Three-quarters of likely voters in the 2nd Legislative District support increasing the state's minimum wage, according to a poll released Thursday by the Stockton Polling Institute.

About 76 percent of those intending to vote in November's election said they support increasing the minimum wage from $7.25 to $8.25 per hour, as well as annual cost of living increases for all workers. Meanwhile, about 20 percent opposed and 4 percent were undecided on the issue.

Pollsters took the opinions of 596 people via cell and land line phones from Sept. 7 to 9 in the district, which encompasses most of Atlantic County, including Atlantic City. They found that jobs is the top issue, followed by property taxes and taxes in general.

"For many of these voters in a tourism economy, increasing the minimum wage is a pocketbook issue," said Daniel J. Douglas, director of the William J. Hughes Center for Public Policy at The Richard Stockton College of New Jersey. "It's personal."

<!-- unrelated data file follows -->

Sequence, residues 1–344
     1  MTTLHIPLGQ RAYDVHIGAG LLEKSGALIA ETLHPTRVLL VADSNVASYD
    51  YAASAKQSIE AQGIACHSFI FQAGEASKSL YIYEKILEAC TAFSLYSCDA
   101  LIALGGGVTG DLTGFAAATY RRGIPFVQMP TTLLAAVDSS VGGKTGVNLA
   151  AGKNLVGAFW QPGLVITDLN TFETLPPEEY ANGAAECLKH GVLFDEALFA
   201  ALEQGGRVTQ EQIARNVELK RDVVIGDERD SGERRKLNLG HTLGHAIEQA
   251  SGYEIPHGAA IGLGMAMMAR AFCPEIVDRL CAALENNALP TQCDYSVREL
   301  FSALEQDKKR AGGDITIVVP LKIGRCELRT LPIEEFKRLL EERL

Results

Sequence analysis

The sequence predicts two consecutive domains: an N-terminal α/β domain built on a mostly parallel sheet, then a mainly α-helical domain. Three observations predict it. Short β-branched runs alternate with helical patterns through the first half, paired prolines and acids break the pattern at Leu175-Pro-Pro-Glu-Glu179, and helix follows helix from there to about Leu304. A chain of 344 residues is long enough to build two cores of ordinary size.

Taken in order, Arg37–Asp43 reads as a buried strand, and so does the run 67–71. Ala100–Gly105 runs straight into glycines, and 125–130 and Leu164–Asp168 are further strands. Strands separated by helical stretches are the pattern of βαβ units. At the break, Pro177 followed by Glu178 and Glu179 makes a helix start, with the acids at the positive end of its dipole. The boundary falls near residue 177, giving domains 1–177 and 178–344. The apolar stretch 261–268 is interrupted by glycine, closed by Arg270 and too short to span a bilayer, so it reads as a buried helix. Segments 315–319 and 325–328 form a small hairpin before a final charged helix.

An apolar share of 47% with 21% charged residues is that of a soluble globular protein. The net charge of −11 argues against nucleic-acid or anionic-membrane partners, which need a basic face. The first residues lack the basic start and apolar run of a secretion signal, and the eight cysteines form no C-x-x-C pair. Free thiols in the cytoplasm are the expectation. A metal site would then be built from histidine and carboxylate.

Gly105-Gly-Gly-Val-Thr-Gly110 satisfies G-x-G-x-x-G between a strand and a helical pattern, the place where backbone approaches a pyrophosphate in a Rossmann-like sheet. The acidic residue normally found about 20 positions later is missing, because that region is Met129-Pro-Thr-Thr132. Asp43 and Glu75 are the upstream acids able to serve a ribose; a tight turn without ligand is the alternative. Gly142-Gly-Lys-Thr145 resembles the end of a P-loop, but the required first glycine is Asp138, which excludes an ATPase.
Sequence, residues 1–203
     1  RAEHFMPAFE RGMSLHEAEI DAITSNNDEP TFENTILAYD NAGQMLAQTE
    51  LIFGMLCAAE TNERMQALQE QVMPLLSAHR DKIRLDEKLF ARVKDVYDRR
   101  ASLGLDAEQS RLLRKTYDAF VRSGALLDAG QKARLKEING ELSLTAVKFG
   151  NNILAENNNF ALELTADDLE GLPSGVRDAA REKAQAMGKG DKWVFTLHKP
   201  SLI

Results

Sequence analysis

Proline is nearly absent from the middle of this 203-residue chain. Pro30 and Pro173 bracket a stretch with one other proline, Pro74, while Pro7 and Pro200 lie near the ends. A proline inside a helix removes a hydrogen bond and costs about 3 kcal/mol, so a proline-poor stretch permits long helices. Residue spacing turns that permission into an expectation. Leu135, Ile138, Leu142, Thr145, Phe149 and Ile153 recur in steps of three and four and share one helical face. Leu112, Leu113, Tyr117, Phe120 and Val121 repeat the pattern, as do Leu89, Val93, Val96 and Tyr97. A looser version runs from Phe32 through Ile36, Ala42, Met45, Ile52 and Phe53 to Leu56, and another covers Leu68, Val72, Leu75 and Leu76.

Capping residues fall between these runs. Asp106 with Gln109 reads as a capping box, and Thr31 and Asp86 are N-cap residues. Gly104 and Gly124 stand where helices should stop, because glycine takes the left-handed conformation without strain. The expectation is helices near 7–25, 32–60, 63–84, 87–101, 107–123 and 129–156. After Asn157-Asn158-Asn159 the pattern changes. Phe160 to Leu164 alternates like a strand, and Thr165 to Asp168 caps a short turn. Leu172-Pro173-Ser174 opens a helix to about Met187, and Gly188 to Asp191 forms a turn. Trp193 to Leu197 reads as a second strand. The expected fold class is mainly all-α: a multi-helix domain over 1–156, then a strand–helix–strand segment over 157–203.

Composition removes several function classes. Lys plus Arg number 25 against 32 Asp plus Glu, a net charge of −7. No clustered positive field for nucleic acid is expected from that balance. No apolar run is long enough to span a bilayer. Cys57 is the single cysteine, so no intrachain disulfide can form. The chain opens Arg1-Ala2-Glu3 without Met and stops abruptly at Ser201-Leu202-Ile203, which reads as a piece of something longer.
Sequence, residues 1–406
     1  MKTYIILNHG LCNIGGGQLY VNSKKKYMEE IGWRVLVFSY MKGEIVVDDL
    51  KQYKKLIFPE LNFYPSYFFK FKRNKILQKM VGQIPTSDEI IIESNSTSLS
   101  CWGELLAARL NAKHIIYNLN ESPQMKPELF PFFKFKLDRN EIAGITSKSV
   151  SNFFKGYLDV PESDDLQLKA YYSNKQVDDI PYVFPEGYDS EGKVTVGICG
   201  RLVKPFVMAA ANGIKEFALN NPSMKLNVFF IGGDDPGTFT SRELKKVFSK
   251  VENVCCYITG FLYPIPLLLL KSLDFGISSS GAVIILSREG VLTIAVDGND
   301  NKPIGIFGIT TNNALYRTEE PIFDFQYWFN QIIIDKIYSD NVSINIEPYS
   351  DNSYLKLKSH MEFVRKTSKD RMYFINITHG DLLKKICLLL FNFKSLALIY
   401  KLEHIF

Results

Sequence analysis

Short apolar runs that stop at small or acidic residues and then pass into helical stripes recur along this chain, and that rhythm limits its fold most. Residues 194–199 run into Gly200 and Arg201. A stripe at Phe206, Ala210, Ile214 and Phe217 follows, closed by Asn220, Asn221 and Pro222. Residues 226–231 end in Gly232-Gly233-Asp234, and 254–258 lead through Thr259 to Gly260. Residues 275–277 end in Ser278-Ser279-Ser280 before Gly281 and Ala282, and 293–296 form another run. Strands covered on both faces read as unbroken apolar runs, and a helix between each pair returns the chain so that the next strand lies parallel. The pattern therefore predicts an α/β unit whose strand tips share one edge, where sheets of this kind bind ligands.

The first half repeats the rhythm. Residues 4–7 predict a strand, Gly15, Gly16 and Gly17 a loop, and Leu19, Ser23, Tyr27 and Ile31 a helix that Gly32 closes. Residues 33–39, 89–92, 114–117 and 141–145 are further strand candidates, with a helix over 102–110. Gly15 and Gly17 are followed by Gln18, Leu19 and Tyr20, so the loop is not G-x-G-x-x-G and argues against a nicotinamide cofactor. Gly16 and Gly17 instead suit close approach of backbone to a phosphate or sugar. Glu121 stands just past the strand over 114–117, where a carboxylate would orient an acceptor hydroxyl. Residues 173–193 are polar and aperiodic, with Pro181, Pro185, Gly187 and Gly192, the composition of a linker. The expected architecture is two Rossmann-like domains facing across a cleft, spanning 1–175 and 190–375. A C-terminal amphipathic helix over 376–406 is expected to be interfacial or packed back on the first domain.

Douglas said unemployment in the county hovers at about 11.5 percent, 3 percentage points higher than the state average.

State Sen. Jim Whelan, a Democrat, voted in favor of a measure to increase the minimum wage earlier this year. Republican Assemblymen John Amodeo and Chris Brown both voted against it. Gov. Chris Christie ultimately vetoed the legislation.

Although 82 percent of those polled said their property taxes have gone up in the last year, they generally feel the state is going in the right direction. About 56 percent agreed with the state's direction, while 31 percent said it's on the wrong track.

Other findings included:

•Sixty-one percent said an endorsement of a legislative candidate by Christie would make them less likely to vote for that candidate or wouldn't make a difference. Thirty percent said they would be more likely to support an endorsed candidate.

•Seventy-seven percent support a proposal to allow veterans groups to use funds raised through gambling. Thirteen percent opposed the measure and 8 percent are undecided.

The survey has a 4 percent margin of error.

Contact Wallace McKelvey:

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